Wednesday, December 14, 2011

Ten Wonders In The Woodpile

Slime mold, fungus gnat larvae, globular springtails, and pill bugs...just to name a few. 
   I noticed these wonderful woodpile inhabitants while moving some firewood into a stack last month.  Now I'm burning the wood to heat the house.  So I'm posting a quick overview of these members of my woodpile's ecosystem.
On one of the pieces of wood ...
...was a forest of blue lollipop trees.
Actually, these are extremely small spore-bearing structures (stalked sporangia) of a slime mold.  
The photo below shows what they looked like the next day.

On another log...
... was a candy forest of cherry 'pops.
These orange-colored sporangia weathered a frosty night...hence the flattened, sour-cherry look.  I should have taken the photos sooner.
Encroaching on those "cherry 'pops" (from the bottom side of the picture) is the fruiting body of a fungus.  The picture below shows more of that fungus... Phlebia tremellosa.
The fruiting body of Phlebia tremellosa just spreads over the log like a crust, for the most part. But, in the upper part of the picture you can see it has some little shelves, or folds...almost like it is trying to be a shelf fungus.  Keep in mind the log was turned over so the fungus was not photographed in its natural position.
   Interestingly, when I was looking at the photos, I noticed I missed seeing a whole village of insect larvae on the Phlebia.  Here is a close up... I counted about two dozen larvae (clear-colored), a few pill bug droppings, and one very small beetle in this frame.
Throughout the woodpile, white, branching, fungal hyphae were evident.  Various fungi were beginning the process of digesting the wood.  I liked this nicely radiating mycelial fan.
 When I would lift a piece of wood and look closely among the hyphal strands I would spot many critters.... like the larvae in the photo below.  I believe the clear one is the larva of a fungus gnat.  It is heading toward the left side of the picture.
 The orange grub-like larva had been inside the little "nest" among the fungal hyphae.

I fetched my hand lens to observe this globular springtail.  
With its dark colored body and two white spots, this springtail was easy to see.  Since this springtail wasn't interested in holding still and the lighting wasn't good, I'm hoping to see some another time in order to get better pictures.
While "chasing" the globular springtail, I noticed a variety of colorful fungal growths.  The mixture of colors and textures reminded me of snorkeling on a coral reef.


An iridescent glitter caught my eye.  This humpback, iridescent springtail came by, but wouldn't hold still for its picture.
There were scads of these elongate-bodied springtails.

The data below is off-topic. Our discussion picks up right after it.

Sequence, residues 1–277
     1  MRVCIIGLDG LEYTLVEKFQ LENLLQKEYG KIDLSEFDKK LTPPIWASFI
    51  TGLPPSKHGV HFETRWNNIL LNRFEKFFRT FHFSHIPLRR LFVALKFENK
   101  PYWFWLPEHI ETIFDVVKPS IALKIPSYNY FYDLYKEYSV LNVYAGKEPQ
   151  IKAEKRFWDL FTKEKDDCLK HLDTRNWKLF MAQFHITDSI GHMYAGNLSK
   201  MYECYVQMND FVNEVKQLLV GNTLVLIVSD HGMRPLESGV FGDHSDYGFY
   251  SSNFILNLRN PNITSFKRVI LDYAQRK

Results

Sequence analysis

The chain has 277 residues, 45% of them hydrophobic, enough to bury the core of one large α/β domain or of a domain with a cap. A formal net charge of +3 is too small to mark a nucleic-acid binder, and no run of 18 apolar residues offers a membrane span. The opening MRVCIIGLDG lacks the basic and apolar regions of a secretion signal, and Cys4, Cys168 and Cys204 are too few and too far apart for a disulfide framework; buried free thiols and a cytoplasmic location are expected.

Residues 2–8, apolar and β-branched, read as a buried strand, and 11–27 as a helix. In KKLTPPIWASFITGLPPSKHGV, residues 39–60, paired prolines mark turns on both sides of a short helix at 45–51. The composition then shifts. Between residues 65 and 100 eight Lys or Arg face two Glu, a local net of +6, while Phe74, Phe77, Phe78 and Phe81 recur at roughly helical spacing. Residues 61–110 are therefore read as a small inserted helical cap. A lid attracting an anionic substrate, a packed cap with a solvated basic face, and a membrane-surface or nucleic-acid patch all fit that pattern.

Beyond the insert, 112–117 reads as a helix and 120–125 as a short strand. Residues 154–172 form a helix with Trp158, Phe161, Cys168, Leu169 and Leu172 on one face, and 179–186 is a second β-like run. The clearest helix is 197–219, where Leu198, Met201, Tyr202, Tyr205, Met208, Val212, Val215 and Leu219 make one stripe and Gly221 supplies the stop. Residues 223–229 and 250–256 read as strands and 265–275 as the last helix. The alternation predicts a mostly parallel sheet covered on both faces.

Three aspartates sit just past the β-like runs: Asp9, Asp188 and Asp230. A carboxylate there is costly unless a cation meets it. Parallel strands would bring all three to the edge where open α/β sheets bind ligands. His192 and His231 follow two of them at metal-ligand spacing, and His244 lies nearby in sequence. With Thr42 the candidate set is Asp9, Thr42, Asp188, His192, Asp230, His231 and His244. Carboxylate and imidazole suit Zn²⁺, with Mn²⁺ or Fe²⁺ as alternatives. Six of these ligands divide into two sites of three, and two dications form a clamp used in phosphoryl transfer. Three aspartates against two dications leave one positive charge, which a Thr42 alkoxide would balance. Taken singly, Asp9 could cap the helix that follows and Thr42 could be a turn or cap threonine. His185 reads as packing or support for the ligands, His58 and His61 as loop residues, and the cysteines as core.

Springtails (collembola) are an abundant and entertaining lot.
Check out those hairs around the springtail's "neck"...  reminds me of those exaggerated Elizabethan neck ruffs from the late 1500's.

 Pill bugs (Armadillidium) were abundant as well. 
 When I disturbed them they would curl into a ball.  If they were on a sloped surface, they would roll away.
  Pill bug defensive position.

 Below the firewood in the moist ground were a masses of snail or slug eggs.
Slimy things!

Hanging underneath a piece of wood in a sheltered spot was this tussock moth or tiger moth cocoon.  It is covered in the caterpillar's hair
Those hairs probably mean "leave me alone"!
Really!

Okay, so maybe that was more like a dozen wonders from the woodpile...and there were plenty more! 
But hey, I was stacking wood and couldn't get too side-tracked.
Hopefully, I can post more details on some of these woodpile wonders another time.

4 comments:

  1. That cocoon acts like a teeny, tiny porcupine.
    Love the shot with of them hairs embedded in your finger tip.

    This post is a marvellous example of a quote I love, Dana.

    "Within walking distance of any spot on Earth, there's probably more than enough mystery to investigate in a lifetime. (Alix Kates Shulman - "Drinking the Rain)

    Happy New Year Dana !

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  2. Sybil,
    Thanks for that excellent quote.
    There's a lot of truth to that. In fact, I've considered doing all my posts about nature I encounter on our half acre. I settled for tagging some with "backyard", although I forget to categorize all the pertinent ones...for example; this post.

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  3. Hello!

    I would like to use the picture IMGP2705 (of the fungal hyphae on wood) as a metaphor for a network of student chapters of my organization, New Forest Earth. Would that be ok? I will link back to your wonderful blog in the description!

    I'll put it up for now, and will take it down if you don't want me to use it. Please let me know if that is ok.

    Thank you,

    Andon

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